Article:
Wednesday, January 05, 2005


A Human Face to Disaster

I am sure these stories could be told over and over:

The grimy 10-rupee bill is worth 25 cents. It has been folded several times so that it's small enough to hide in the clenched fist of a 3-year-old girl.

Sitalakshmi won't let go of it. For more than a week now, since the day of the killer waves, she has held the pittance tight in her tiny hand, as if her life depends on it.

The girl's mother gave it to her on the morning of Dec. 26 to keep her from crying. It was the last time she would soothe her daughter that way. Now the greasy banknote has become the child's hold on the way things used to be.

"She even sleeps with it," said Sister Neeta George, one of the nuns who run the basement orphanage where Sitalakshmi lives in the Missionaries of Charity convent, founded by Mother Teresa of Calcutta.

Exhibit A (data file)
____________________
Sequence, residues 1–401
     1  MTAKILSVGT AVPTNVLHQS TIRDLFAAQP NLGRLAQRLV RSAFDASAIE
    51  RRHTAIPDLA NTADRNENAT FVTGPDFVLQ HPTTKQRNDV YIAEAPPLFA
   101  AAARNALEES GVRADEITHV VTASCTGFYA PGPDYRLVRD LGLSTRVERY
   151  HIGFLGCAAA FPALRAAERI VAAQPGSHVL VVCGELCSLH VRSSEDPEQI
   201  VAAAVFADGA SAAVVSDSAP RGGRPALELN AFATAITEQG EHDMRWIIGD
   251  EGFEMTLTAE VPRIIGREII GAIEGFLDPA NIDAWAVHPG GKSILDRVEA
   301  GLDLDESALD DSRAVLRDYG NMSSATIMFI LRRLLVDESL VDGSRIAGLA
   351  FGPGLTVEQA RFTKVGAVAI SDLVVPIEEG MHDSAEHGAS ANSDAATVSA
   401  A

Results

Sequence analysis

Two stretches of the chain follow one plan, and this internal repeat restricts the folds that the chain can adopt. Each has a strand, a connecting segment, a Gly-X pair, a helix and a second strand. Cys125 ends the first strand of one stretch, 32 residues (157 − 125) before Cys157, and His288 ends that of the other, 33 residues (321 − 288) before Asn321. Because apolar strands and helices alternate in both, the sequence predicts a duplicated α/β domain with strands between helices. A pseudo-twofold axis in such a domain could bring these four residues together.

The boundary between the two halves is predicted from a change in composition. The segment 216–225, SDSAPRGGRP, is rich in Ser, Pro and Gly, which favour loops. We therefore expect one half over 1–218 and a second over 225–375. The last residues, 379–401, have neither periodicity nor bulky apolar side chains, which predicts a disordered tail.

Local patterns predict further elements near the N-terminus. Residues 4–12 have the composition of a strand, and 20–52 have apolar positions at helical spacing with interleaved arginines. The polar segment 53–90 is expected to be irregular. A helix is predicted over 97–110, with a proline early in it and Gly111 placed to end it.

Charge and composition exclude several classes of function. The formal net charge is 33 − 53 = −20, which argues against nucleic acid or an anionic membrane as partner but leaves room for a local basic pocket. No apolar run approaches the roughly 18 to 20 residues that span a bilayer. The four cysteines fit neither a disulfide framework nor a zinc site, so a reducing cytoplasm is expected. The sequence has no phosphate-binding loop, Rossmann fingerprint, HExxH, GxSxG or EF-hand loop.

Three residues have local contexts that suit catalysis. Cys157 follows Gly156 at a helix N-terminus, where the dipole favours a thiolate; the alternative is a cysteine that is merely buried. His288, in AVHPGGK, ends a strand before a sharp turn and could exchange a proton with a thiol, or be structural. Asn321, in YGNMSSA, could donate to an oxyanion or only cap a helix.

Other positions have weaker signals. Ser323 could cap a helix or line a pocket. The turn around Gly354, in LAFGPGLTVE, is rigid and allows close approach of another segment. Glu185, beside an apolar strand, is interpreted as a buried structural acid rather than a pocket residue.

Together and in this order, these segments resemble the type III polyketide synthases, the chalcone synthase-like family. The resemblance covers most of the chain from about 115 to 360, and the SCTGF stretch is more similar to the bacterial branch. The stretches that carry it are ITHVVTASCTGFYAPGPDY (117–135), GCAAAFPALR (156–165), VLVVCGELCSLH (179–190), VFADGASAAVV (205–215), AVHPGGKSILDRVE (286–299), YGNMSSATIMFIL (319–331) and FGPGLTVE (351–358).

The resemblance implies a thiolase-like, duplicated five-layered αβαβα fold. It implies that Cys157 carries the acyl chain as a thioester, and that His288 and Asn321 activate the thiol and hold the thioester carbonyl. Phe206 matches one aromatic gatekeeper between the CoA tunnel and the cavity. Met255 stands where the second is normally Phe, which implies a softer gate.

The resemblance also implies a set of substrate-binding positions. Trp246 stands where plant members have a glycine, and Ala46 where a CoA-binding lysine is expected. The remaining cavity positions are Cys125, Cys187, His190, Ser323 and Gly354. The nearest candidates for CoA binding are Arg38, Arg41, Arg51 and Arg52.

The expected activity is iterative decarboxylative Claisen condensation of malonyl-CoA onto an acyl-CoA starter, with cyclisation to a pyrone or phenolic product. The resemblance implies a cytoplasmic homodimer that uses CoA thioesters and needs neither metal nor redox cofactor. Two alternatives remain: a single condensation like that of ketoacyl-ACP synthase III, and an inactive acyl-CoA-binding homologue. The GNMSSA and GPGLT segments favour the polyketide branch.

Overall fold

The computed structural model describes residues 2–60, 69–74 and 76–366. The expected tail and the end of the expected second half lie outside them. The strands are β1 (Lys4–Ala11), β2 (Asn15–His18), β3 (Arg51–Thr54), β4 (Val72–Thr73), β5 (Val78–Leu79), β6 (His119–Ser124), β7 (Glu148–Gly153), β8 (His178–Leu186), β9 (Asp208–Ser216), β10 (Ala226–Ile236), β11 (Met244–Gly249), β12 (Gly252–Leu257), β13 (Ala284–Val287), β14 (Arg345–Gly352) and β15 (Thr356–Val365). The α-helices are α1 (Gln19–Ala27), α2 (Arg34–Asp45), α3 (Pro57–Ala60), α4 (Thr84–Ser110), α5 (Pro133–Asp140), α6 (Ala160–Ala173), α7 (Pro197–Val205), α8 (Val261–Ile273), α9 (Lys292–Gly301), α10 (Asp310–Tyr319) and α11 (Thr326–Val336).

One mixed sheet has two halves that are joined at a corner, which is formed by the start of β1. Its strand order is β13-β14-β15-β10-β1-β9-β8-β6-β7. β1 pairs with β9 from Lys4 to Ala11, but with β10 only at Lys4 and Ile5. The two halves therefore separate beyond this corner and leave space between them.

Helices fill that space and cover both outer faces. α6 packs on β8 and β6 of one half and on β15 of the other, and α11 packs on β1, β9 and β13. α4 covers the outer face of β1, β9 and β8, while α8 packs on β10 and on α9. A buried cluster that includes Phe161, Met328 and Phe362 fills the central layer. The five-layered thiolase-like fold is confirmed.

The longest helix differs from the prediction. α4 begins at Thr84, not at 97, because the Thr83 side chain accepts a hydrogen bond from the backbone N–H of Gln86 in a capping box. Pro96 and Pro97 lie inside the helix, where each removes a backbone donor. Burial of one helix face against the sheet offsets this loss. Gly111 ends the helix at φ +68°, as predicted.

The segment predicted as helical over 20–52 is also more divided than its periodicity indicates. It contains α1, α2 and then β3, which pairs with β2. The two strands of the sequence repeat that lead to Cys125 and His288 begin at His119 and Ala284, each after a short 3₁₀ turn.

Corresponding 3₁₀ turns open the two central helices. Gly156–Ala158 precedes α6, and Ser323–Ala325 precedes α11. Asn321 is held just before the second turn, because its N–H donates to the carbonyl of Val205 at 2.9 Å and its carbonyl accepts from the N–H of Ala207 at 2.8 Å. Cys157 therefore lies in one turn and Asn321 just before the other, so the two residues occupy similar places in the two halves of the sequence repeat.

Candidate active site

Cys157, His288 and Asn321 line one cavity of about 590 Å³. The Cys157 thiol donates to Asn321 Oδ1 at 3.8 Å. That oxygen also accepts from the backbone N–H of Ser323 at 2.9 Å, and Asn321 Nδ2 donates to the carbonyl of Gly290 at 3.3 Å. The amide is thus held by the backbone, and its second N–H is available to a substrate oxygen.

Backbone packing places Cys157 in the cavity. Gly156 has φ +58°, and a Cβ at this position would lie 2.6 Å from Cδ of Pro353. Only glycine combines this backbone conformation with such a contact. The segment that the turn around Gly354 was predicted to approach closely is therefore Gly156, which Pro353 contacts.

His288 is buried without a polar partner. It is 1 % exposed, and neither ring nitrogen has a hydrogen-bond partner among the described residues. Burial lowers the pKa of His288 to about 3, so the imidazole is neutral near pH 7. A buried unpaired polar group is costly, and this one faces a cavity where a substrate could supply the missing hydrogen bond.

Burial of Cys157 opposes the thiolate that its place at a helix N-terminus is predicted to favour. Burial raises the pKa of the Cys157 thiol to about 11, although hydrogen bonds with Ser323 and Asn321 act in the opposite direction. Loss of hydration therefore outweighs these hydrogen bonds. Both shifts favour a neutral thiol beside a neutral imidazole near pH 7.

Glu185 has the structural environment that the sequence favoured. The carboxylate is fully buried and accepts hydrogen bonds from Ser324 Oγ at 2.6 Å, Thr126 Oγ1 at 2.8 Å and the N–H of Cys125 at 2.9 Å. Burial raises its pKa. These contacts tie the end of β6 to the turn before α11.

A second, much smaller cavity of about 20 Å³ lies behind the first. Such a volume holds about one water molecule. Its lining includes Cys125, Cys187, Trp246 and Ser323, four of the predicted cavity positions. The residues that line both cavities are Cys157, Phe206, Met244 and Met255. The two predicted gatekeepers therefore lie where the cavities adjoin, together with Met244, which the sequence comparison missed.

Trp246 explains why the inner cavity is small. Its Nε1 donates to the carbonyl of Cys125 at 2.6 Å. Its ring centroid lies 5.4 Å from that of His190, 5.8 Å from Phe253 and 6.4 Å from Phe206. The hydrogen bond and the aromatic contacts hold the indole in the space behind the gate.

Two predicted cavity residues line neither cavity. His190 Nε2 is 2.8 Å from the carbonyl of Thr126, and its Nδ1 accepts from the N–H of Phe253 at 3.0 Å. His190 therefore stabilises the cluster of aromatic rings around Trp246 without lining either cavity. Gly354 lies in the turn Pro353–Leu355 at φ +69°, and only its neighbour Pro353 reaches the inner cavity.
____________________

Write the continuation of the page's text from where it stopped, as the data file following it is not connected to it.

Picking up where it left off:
The waves that hammered India's remote Andaman and Nicobar Islands killed the girl's mother, father and three of her brothers.

Only she and her 14-year-old brother, Balamurugan Kannan, survived.

With the courage of a man, a boy not much taller than 4 feet and weighing less than 80 pounds swept his little sister up in his arms and ran hard for higher ground.

His mother and father and three older brothers couldn't outrun the waves. Like most of those killed here in the Andaman archipelago, about 700 miles east of the Indian mainland, their bodies may never be found.

All over the world, there are things like this. Diaster, man's wickedness to our fellow man, bad luck - lives forever shattered. Don't think of them as statistics. They could be you and yours.

Think about your actions. Is your impact helping or hurting? Are you part of the solution or part of the problem?

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